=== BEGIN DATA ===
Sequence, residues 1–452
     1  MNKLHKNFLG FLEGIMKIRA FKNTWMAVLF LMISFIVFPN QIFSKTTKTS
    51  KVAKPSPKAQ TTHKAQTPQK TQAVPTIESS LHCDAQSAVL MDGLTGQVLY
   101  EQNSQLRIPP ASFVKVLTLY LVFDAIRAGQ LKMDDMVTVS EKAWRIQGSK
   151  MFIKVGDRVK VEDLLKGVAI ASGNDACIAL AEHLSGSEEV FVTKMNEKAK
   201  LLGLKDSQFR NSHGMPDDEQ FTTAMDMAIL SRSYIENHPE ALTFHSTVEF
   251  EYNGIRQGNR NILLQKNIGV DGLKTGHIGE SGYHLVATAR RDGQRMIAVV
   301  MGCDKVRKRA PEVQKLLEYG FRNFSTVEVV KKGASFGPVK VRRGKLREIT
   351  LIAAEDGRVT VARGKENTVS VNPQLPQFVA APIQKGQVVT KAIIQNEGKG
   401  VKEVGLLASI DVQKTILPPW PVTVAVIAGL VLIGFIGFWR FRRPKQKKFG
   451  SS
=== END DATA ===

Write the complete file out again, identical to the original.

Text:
Sequence, residues 1–452
     1  MNKLHKNFLG FLEGIMKIRA FKNTWMAVLF LMISFIVFPN QIFSKTTKTS
    51  KVAKPSPKAQ TTHKAQTPQK TQAVPTIESS LHCDAQSAVL MDGLTGQVLY
   101  EQNSQLRIPP ASFVKVLTLY LVFDAIRAGQ LKMDDMVTVS EKAWRIQGSK
   151  MFIKVGDRVK VEDLLKGVAI ASGNDACIAL AEHLSGSEEV FVTKMNEKAK
   201  LLGLKDSQFR NSHGMPDDEQ FTTAMDMAIL SRSYIENHPE ALTFHSTVEF
   251  EYNGIRQGNR NILLQKNIGV DGLKTGHIGE SGYHLVATAR RDGQRMIAVV
   301  MGCDKVRKRA PEVQKLLEYG FRNFSTVEVV KKGASFGPVK VRRGKLREIT
   351  LIAAEDGRVT VARGKENTVS VNPQLPQFVA APIQKGQVVT KAIIQNEGKG
   401  VKEVGLLASI DVQKTILPPW PVTVAVIAGL VLIGFIGFWR FRRPKQKKFG
   451  SS